Such a story is typical of cars in a segment that is largely shunned by enthusiasts but lapped up by everybody else. It’s one of the more lucrative markets for manufacturers, and many buyers are drawn in by style rather than substance.
It’s had a facelift to freshen it up inside and out, and an 'X' has been slapped on to the end of its name to indicate that it’s an SUV. Soon the X will adorn every Vauxhall SUV or crossover.
The front grille and rear end have been reworked, while inside it gets a completely new dashboard, inspired by the Astra's, and all for a price hike of around £800 across the range. It also gets a new, higher-powered 154bhp 1.4-litre turbocharged petrol engine, available with all-wheel drive and an automatic transmission.
We’re driving the 138bhp 1.4-litre turbocharged engine, paired to a six-speed manual gearbox with front-wheel drive. But the rest of the engine range is made up of an 108bhp 1.6-litre petrol, and two variants of Vauxhall’s turbocharged 1.6-litre diesel engine – producing 108bhp and 134bhp respectively.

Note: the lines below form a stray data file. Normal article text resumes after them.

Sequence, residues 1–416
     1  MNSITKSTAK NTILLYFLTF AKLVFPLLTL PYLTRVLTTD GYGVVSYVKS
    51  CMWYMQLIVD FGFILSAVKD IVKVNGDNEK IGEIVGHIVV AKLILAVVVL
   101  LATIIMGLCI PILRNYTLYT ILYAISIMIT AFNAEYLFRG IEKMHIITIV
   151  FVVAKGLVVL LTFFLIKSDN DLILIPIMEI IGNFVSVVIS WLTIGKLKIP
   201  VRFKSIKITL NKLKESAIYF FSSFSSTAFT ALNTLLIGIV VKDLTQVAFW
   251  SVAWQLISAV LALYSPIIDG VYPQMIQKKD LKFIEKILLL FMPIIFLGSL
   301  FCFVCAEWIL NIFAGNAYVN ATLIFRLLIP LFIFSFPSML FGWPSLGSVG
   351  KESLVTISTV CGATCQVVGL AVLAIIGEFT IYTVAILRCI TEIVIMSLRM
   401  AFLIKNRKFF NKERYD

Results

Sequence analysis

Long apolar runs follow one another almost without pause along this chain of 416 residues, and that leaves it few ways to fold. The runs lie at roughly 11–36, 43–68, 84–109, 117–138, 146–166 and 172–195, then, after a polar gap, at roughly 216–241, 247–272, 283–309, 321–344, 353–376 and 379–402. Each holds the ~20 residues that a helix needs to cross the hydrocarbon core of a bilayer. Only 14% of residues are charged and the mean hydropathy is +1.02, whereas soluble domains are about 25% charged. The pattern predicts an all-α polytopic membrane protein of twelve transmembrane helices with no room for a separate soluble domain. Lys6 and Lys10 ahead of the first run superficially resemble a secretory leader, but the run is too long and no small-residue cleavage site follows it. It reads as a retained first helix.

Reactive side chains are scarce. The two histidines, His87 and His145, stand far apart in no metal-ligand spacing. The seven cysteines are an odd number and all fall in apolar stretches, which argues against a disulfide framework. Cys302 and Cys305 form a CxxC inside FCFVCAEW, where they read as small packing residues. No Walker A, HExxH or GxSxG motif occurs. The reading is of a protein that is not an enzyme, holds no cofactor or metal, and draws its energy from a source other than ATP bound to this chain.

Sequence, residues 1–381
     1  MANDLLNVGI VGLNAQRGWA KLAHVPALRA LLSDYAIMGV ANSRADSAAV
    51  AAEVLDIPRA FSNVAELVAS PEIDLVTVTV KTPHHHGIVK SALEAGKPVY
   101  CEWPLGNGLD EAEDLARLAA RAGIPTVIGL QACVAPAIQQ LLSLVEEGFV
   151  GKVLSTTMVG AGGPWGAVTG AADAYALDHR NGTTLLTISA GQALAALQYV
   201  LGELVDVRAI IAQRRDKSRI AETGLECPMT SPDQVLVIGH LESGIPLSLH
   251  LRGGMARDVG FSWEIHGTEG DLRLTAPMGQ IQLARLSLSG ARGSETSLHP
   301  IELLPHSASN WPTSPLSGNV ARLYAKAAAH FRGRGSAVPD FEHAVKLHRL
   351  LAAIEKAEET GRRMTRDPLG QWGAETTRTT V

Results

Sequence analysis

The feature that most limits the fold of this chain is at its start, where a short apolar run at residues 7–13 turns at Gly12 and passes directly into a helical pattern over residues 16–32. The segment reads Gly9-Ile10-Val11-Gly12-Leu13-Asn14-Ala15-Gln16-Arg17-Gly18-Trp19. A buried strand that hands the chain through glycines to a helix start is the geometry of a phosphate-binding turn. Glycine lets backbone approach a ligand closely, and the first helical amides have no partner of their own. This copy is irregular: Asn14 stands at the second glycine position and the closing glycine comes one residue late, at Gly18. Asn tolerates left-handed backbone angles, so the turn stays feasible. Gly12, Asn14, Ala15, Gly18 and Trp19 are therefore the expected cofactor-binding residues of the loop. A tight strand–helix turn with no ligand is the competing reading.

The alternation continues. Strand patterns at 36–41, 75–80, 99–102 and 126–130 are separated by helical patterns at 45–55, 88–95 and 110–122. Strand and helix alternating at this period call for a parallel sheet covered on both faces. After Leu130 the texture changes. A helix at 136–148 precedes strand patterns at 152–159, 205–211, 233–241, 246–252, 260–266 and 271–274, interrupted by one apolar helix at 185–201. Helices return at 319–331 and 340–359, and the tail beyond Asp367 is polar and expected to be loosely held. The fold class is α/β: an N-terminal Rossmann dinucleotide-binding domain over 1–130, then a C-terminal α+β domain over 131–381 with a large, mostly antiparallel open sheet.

The first-generation Mokka wasn’t very refined and had a poor ride and an old infotainment system. Have these tweaks addressed enough of those issues to make it a more recommendable package?
Is the Vauxhall Mokka X more appealing?
The biggest change is inside the car. The dash has been completely redesigned to rid it of the confusing cluster of buttons the first model had, replacing it with the firm's more recent layout. It’s a much sleeker-looking design and comes generously equipped across the range.
There are four core trims to choose from – Active, Design Nav, Elite and Elite Nav – plus a wealth of options that you can bolt to the new Mokka.
As standard in Active trim it gets Vauxhall’s IntelliLink 7.0in touchscreen infotainment system, OnStar (Vauxhall’s 24/7 emergency assistance and concierge service) and DAB radio, as well as Apple CarPlay and Android Auto as standard. There is also dual-zone climate control, cruise control and parking sensors included too.